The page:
The author also uses the case of Mexico to strongly argue against erasing race as an official category in census among other records since, for him, doing so does not necessarily eradicate racism. In other words, he does not see ‘post-race’, or what may be termed ‘color blindness’, as a way out racism. After getting a pleasant surprise of getting to know that the second president of Mexico in 1829, Vicente Ramón Guerrero Saldaña, descended from Africans the author was thus disappointed after also being told that his well-meaning attempt to create a post-racial society resulted in unintended consequences that continue to inform their ambivalence on blackness:
I had encountered this logic in Brazil and would in Peru as well. The idea about abolishing the recording of color differences, as we might expect, was intended to facilitate the elimination of privileges tied to these color differences…. I recognized the well-meaning spirit behind Guerrero’s actions. He had yearned to create a society beyond race, to act as if race didn’t matter. This same idea gave birth to the idea of racial democracy in Brazil. But denying roots is different from respecting them equally. Guerrero, with the best intentions, inadvertently took an action that helped, over time, to bury his own African ancestry and that aspect of genetic heritage of every Afro-Mexican who followed him (p. 77-78).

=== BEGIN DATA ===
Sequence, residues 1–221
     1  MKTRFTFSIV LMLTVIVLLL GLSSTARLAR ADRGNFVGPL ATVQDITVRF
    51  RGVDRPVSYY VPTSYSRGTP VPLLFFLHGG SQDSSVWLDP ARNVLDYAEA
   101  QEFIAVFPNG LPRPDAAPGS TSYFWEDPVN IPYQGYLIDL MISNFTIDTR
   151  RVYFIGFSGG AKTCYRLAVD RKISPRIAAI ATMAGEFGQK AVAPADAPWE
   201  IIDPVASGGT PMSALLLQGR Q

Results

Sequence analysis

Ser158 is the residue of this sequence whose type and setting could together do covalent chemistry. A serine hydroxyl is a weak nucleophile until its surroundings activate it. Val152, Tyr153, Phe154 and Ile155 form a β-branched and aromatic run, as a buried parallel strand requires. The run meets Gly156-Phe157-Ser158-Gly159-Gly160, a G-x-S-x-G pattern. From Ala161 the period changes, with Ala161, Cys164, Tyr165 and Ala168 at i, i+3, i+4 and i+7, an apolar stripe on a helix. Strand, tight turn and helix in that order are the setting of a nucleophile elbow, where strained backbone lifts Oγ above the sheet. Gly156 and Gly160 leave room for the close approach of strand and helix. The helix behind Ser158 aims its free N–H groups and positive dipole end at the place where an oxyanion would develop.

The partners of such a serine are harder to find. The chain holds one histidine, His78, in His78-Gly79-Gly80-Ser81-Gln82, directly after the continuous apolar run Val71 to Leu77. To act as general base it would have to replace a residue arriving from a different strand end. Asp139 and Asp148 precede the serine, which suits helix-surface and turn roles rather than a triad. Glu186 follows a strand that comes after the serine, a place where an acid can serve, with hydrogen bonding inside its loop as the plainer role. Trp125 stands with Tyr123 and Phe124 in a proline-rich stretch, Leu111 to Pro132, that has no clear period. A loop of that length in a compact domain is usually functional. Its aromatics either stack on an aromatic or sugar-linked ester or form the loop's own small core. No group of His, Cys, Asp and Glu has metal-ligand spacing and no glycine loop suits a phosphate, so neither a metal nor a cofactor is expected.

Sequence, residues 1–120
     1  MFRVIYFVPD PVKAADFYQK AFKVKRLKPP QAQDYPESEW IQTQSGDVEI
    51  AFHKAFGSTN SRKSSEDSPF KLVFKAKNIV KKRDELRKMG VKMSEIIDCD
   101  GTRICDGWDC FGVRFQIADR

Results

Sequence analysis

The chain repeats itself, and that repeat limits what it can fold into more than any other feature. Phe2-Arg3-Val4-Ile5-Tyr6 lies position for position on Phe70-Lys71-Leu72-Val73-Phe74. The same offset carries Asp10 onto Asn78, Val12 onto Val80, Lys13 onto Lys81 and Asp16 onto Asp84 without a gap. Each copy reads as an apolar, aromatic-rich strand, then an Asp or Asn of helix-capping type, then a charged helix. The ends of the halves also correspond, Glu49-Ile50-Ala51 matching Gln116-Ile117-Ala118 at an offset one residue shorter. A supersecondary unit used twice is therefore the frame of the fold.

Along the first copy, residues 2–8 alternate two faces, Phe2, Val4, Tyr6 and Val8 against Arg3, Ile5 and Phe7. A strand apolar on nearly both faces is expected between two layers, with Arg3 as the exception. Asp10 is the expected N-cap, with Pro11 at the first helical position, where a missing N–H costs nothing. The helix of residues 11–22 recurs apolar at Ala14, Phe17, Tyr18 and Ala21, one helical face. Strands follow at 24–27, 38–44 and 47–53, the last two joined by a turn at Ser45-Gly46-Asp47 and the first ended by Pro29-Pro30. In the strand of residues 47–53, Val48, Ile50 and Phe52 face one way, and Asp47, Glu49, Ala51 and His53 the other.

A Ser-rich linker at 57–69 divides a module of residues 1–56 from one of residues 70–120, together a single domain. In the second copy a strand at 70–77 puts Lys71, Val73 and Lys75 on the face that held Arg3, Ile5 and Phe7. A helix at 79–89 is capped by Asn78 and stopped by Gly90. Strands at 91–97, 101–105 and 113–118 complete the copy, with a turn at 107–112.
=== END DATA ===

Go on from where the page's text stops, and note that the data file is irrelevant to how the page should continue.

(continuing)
But if race is a social construct that is used to institutionalize racism why cling to it?